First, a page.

Think the sugar rush ends the moment we pack away our Halloween costumes? It’s actually just the beginning of the end-of-the-year run of holiday parties that surround us with sugary treats.
Sugar’s gotten a lot of bad press through the years, as study after study has shown it to be bad for our health. Consuming sugar has been linked to cancer, heart disease, high blood pressure, stroke, diabetes, metabolic syndrome, depression and obesity.
Simply put, sugar is a crystalline carbohydrate that makes foods taste sweet. There are many different kinds of sugar. Some sugars, such as glucose, fructose and lactose, occur naturally in fruits, vegetables and other foods, such as dairy. But many of the foods we consume contain added sugar — sugar that we or the manufacturer has added to enhance flavor.
And we’ve acquired quite a taste for foods with added sugars. Adults in the United States consumed around 13 percent of their total daily calorie intake from added sugars between 2005 and 2010, according to a report from the Centers for Disease Control and Prevention.
Experts agree we need to “de-sweeten” our lives. The problem is the food industry has primed our taste buds to crave sweetness. About 80 percent of the 600,000 food items in grocery stores contain added sugar, according to 2015 figures from the U.S. Department of Agriculture.
“What has happened is that we’ve become accustomed to very high levels of sweetness so that if something isn’t super-sweet— like a strawberry — we’re probably not going to detect the natural sweetness in that strawberry,” says Marianne Carter, registered dietitian and director of the Center for Health Promotion at Delaware State University in Dover.
And, she adds, swapping table sugar for artificial sweeteners sugars the palate even more.
But is it realistic — and even safe — to completely eliminate sugar from a diet?
“It’s not realistic because if you were to eliminate all sugars, you wouldn’t be able to eat fruit, you wouldn’t be able to have dairy products and you would eliminate all the naturally occurring sugars that are in foods that we need,” says Carter.
Moreover, healthy carbs are an essential part of our diets, as they provide glucose, which converts to energy to support bodily functions and physical activity.
And the fact is, holiday sweets hold a lot of emotional significance, as they are a part of longstanding family and workplace traditions. “I wouldn’t want you not to have a piece of that holiday fudge,” says Carter. “But having a small piece is different from gorging on it everyday for a week.”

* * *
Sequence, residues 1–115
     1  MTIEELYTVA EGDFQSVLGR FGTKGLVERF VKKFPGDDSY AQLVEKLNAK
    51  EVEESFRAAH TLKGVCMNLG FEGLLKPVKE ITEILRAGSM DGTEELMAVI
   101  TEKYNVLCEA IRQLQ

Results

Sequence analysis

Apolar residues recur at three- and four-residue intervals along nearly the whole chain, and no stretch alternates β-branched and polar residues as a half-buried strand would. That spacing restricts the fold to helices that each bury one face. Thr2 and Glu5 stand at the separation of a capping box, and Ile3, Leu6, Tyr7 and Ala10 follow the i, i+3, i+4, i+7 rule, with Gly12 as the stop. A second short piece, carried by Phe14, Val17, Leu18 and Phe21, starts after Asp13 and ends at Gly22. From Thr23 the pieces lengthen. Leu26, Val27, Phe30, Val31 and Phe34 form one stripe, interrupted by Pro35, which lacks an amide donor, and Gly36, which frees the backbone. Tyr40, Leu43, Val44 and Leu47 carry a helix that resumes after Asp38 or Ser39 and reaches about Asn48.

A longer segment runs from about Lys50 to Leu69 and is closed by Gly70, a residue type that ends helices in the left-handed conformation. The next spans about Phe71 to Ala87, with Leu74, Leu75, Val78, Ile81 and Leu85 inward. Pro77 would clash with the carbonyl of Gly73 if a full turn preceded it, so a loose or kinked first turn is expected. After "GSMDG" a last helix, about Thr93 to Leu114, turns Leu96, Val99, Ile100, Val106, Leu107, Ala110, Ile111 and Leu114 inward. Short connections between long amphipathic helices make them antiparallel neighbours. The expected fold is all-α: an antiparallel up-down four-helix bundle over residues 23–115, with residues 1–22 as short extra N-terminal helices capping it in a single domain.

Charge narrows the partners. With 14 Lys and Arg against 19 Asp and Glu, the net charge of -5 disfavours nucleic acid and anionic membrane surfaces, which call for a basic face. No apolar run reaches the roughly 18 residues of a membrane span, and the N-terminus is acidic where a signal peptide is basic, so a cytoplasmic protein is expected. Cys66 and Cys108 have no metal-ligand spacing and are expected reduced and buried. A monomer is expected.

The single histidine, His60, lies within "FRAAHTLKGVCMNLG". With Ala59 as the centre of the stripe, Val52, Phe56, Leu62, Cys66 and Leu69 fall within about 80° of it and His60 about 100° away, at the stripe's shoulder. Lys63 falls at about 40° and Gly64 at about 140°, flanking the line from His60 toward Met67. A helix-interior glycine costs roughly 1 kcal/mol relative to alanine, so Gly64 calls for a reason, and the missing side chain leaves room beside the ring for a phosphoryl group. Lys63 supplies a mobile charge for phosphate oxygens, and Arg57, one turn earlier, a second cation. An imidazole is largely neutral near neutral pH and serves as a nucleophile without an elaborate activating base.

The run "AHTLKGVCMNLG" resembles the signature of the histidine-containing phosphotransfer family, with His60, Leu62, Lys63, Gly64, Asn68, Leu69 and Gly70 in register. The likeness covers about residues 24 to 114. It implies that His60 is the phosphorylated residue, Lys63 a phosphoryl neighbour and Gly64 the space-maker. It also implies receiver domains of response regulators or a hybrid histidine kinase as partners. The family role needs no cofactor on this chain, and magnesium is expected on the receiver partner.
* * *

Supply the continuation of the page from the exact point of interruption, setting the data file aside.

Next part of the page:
Finding that balance will help keep you in the zone of happy indulgence rather than in the misery of the after-effects of a sugarcoated binge.
Here are some ways to avoid a holiday sugar overdose:
Constant self-denial can lead to binging and a total derailment of your dietary plans. “It’s OK to give yourself permission to have one or two cookies,” says Carter. “That won’t break the calorie bank. It’s all about moderation.”
That should get easier to calculate when new FDA labels begin providing that information next year.
Holiday parties bring to life the phrase “drink and be merry,” but beer and wine can be especially high in sugars—as can many of the mixers used in cocktails.
Eating whole grains, nuts and seeds along with holiday sweets can help slow the absorption of sugar. Moreover, fiber can help you feel full so you’ll consume less of everything.
If cookies are your dietary downfall but you still want to gift friends and family with an edible treat, try baking bread instead. “It’s easy to grab a cookie while they’re cooling on the counter,” says Carter. “But you wouldn’t slice off a piece of bread.”
Visual cues are powerful. Simply seeing sweet treats may tempt you to indulge even if you’re not hungry. Chatting with friends and family away from the food table will keep you from picking at the goodies. And aren’t the holidays more about friends and family anyway?